"A nation's greatness is measured by how it treats its weakest members."

Judging by this famous quotation, New Zealand still has a way to go to reach greatness.

There are many things we do well, our "number 8 wire" reputation wasn't gained for nothing. We're innovative, smart and hard working.

But one thing we're still sadly lagging behind in is looking after some of the most vulnerable people in our society - our elders.


Our elders deserve our love, respect and care - yet last year, Age Concern received more than 2200 referrals for elder abuse.

That's a shocking number by itself, but when you stop and consider how many other cases likely went unreported, the mind boggles.

In the situations Age Concern has been involved in, more than 50 per cent of the alleged abusers were children or grandchildren. Three-quarters were relatives of some kind.

It's horrific.

I can't imagine what kind of people would hurt their family members in this way, let alone the ones that need our help.

Age Concern reported that more than 70 per cent of elder abuse cases involved psychological abuse and more than 50 per cent involved financial abuse.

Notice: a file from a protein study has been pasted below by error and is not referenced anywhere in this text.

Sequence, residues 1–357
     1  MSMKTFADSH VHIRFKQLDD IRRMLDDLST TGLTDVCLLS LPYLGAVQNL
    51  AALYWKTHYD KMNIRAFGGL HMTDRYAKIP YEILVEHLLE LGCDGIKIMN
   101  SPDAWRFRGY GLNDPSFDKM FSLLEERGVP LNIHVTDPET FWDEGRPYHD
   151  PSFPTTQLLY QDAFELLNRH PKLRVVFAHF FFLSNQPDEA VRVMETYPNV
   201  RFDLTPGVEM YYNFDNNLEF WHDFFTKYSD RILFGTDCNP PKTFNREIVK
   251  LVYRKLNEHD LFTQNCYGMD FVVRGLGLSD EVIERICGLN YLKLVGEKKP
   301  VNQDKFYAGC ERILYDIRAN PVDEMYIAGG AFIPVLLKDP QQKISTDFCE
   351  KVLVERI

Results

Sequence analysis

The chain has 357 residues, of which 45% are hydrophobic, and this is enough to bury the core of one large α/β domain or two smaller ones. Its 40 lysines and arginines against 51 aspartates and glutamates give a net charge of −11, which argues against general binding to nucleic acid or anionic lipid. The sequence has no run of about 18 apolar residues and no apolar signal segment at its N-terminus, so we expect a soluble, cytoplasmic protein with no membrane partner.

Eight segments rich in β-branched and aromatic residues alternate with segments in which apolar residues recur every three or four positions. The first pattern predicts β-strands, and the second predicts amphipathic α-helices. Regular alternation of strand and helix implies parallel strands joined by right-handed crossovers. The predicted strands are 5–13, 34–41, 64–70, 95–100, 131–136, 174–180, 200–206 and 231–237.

Psychological abuse includes ridicule or threats, harassment or humiliation, preventing choice or decision making, or withholding affection. Financial abuse can be unauthorised taking of money or possessions, misuse of power of attorney, failure to repay loans, using a home and/or utilities without contributing to cost, and scamming an elderly person by forging a relationship with them for the purpose of exploitation.

That's a heady list, without even getting into the other less common forms of abuse like physical, sexual or neglect.


Age Concern is currently running its elder abuse awareness campaign, which aims to highlight the forms of abuse our elderly population commonly encounters, how to recognise the forms of abuse, and educate others on how it can be prevented.

Much of its advice is easy to carry out - show our older people the respect, love and support they deserve, check up on them regularly, stick up for them, challenge ageist attitudes.

Stoic elders are unlikely to want to dob in their loved ones, so it's up to the rest of us to keep an eye out.

Small interventions can make a huge difference.